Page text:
Taking counsel: Liability of a company director: who has a right to file an action?

  • 2008-02-27
  • ByJurate Kugyte [Jurevicius Balciunas & Bartkus]
Considering that Lithuanian court practice with regard to civil claims toward company directors has become more extensive, it is important to analyze the range of people/entities allowed to file claims, as well as respective court practice.

The civil code establishes full civil liability of the members of management bodies of a company that fails to perform, or performs improperly, the director's duties as specified in the civil code, other laws or the company's incorporation documents. As Supreme Court practice shows, the right to file an action on behalf of the company is, in most cases, exercised either by the bankruptcy administrators against the former directors of the company under bankruptcy or by the new directors against the dismissed directors.
In cases where bankruptcy proceedings are not initiated or the director continues to perform his functions, the question arises as to how interests can be protected and who is entitled to file a claim. Lithuanian legislation sets forth several possibilities.

Derivative action. The Law on Companies sets forth the non-pecuniary right of a shareholder to file an action for compensation of damages incurred by the company (derivative action) resulting from non-performance or improper performance by the head of the company and board members. One should keep in mind that such a right is not burdened by the requirement to represent a particular percentage of the share capital in a company, as is the case in Portuguese, French or Czech corporate law.

Oblique action. Subject to certain conditions prescribed by the Civil Code, creditors are indirectly entitled to sue members of the management bodies for damages. It is notable that the right entitles the creditor to file an action exclusively on behalf of the company. This is known as an oblique action. In particular, the creditor whose right to claim against the debtor is certain and eligible for execution is entitled to exercise the rights on behalf of the company by bringing an action against the director in the company's name and in the event, where the company fails to implement this right himself, or refuses to exercise the right to the prejudice of the creditor's interests.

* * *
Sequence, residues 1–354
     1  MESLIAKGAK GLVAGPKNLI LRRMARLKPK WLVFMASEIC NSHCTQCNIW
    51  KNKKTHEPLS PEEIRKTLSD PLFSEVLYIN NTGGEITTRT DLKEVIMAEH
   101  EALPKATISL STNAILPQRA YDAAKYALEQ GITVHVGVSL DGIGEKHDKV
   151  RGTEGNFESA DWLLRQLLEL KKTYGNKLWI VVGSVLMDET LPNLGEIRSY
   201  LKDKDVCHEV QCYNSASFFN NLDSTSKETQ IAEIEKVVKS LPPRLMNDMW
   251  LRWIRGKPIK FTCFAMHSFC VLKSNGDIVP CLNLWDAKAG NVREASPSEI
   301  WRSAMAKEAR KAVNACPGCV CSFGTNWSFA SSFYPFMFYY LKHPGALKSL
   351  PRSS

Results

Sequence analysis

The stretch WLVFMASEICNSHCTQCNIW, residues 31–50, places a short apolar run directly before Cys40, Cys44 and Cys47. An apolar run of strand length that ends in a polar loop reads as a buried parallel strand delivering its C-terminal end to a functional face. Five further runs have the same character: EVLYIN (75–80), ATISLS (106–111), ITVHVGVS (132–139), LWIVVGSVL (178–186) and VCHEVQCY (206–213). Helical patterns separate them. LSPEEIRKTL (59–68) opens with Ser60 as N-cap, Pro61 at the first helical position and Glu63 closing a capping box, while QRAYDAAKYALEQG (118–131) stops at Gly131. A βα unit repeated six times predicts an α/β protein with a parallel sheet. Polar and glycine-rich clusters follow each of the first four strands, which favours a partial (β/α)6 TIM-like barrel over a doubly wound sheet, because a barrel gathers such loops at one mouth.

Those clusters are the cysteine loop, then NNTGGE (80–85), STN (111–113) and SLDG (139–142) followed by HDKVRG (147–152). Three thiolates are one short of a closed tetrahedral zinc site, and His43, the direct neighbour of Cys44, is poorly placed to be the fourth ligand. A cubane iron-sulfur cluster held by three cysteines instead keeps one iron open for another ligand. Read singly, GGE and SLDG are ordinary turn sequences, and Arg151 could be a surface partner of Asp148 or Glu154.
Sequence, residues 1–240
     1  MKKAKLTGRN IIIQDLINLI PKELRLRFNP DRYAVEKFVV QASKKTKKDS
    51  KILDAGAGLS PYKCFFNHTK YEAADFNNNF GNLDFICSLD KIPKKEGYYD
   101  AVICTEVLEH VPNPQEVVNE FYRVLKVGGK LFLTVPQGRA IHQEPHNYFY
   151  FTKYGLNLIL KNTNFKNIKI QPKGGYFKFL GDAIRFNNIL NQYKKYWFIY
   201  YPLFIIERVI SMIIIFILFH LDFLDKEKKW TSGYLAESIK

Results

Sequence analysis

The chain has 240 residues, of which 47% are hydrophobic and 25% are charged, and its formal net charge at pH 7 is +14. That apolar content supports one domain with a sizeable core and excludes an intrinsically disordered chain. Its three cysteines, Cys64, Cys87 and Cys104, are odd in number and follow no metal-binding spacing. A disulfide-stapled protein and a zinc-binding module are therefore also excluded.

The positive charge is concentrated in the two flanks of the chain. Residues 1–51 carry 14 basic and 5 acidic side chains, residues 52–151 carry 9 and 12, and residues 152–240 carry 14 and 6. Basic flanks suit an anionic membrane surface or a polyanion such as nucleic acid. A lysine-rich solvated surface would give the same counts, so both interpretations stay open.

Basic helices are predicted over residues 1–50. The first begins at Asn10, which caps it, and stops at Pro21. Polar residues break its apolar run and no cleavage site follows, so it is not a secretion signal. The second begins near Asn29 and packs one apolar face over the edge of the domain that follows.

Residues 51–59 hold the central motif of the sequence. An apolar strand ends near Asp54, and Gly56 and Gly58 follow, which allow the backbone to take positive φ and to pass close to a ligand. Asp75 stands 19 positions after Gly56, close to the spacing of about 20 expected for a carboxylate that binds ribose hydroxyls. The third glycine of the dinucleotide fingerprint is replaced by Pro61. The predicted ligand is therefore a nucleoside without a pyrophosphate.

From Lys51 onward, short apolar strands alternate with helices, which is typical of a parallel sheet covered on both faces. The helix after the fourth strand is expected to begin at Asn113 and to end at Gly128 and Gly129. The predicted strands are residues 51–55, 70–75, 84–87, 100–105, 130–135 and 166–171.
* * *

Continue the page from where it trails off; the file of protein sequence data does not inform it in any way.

An oblique action may be brought only in the instances when the creditor is necessitated to protect his rights (in the event of the company's insolvency, bankruptcy proceedings instituted against him, or in any other extraordinary cases) and under the condition that the time-limit for the performance of obligations expired prior to the institution of the action. Upon satisfying an oblique action, the recovered property is set off into property of the company and will benefit all creditors of the company. There also might be a situation when the director of a company is also a shareholder. In such cases the creditor would be recommended to consider a direct action, when the Civil Code provides for subsidiary liability of the shareholder. Such liability might arise for the obligations of the company, when such obligations are not performed due to shareholder's acts in bad faith.
As Supreme Court practice shows, the third party (creditors) claims against members of management bodies are also admitted, when the action is filed not on behalf of the company, but on behalf of the creditor himself. Usually, those are the cases when the criminal or administrative liability of the members of the management bodies is already established by the previous judgment. In such cases the management member is deemed to be jointly liable with the company. As with other civil liability conditions, the third party must evidence its losses suffered due to illegal actions (for which the members of the management bodies were sentenced or held liable in the administrative procedure).

It is debatable whether management members in Lithuania are deemed to be protected by a corporate veil against direct actions for damages initiated by third parties. This protection is based on the consideration that the directors act on behalf of the company and perform functions vested in them. Nevertheless, a company director's joint liability toward third parties will be reasonably substantiated provided the courts apply civil liability in the case of severe misconduct.
It can be inferred that Lithuanian law sets forth enough wide options for realizing a director's liability, which should ensure the company director acts in the interests of the company and does not violate the rights of the third parties. 

Jurate Kugyte is an advocate at Jurevicius Balciunas & Bartkus, a member of Baltic Legal Solutions, a pan-Baltic integrated legal network of law firms including Teder Glikman & Partnerid in Estonia and Kronbergs Cukste in Latvia, dedicated to providing a quality "one-stop shop" approach to clients' needs in the Baltics.